Aleenta Resort

Text Sophy Zee

Aleenta Resort’s laid back allure, and white stucco architecture is for young couples looking for a piece of private paradise.

Rating: ★★★★
Price: $$$$
Couple quota: ♥♥♥♥♥

Price guide
$ – Less than S$200 a night
$$ – S$201 – S$350 a night
$$$ – S$351 – S$500 a night
$$$$ – S$501 – S$600 a night
$$$$$ – More than $600

At a glance

Plus points
+ Secluded private beach of immaculately white powdered sand
+ Thoughtful yet discreet staff
+ Little attractions to distract

Minus points
– Not the most accessible destination
– So-so food
– Little attractions to distract


Expect comfortable deck chairs, capacious hammocks, an outdoor Jacuzzi, and a view of the Andaman Sea through the French windows of the pool suites.

The resort is also big on using natural materials such as the all Egyptian cotton bedsheets, slippers and bathrobes, Eucalytus-scented bath gels and mini loofahs in the bathrooms.


The one and only restaurant in the resort has a western and Thai menu. The tuna I had for a main course was disappointingly over-cooked. Thai food is tasty, but spicy.


The resort plans daily activities such as open air movies and trips to the night market.

The Thai cooking class includes a visit to the morning market where the resort’s resident chef will provide a guided tour as well as a recipe booklet and wine to go with your creations.


Outdoor activities include kayaking, sea sports and trips to the nearby nature reserves, caves or waterfalls.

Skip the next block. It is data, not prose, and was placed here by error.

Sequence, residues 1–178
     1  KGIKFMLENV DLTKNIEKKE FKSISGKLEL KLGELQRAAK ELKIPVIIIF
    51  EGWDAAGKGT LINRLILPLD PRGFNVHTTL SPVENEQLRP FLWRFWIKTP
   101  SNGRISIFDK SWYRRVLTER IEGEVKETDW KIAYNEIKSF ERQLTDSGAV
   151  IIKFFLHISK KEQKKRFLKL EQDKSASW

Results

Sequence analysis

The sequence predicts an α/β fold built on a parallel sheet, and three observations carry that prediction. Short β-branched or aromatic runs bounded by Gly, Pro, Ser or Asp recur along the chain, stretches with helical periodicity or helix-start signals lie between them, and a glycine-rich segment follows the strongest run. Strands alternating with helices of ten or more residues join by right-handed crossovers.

The open concept Sky Spa at Hua Hin is located on the topmost roof terrace with an excellent view of the beachfront.

The aptly named Brand New Day spa package came with a herbal footbath, sea salt treatment and aromatherapy massage.


Hua Hin Market Village is a large glass and steel structure which is easily visible from the main road. It has a supermarket, the ubiquitous fast food outlets, and brand-name stores.

There are also a number of street markets. The most popular with tourists being the night market in the centre of town.

In the area

Long before Phuket or Koh Samui became popular holiday destinations, Hua Hin was the getaway for Thai royalty. Klai Kang Won, the summer palace, is open to public only when the royal family is not in residence.

Getting There

About 250km south of Bangkok, Hua Hin is in the Prachuap Khiri Khan province and can be reached by rail, road or air.

Flights are from Bangkok only. Buses from the Southern Bus Station in Bangkok cost less than 200 baht. There are also buses from Khao San Road.

Trains leave from Hualamphong Station 12 times daily. If you travel by train, do check out the railway station which was built for Thai royalty.

Both trains and buses take about 4 hours to reach Hua Hin. The Pranburi area is about 20 minutes from Hua Hin by car.